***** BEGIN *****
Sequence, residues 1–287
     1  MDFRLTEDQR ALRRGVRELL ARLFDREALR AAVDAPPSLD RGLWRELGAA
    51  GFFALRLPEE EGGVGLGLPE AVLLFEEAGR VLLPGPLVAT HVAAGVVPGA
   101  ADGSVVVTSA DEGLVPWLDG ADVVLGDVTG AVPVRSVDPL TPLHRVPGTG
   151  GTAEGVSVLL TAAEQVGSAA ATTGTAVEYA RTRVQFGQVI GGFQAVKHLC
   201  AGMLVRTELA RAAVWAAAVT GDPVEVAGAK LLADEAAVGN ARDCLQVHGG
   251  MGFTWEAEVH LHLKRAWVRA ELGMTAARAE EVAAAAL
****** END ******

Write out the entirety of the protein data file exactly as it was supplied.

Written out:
Sequence, residues 1–287
     1  MDFRLTEDQR ALRRGVRELL ARLFDREALR AAVDAPPSLD RGLWRELGAA
    51  GFFALRLPEE EGGVGLGLPE AVLLFEEAGR VLLPGPLVAT HVAAGVVPGA
   101  ADGSVVVTSA DEGLVPWLDG ADVVLGDVTG AVPVRSVDPL TPLHRVPGTG
   151  GTAEGVSVLL TAAEQVGSAA ATTGTAVEYA RTRVQFGQVI GGFQAVKHLC
   201  AGMLVRTELA RAAVWAAAVT GDPVEVAGAK LLADEAAVGN ARDCLQVHGG
   251  MGFTWEAEVH LHLKRAWVRA ELGMTAARAE EVAAAAL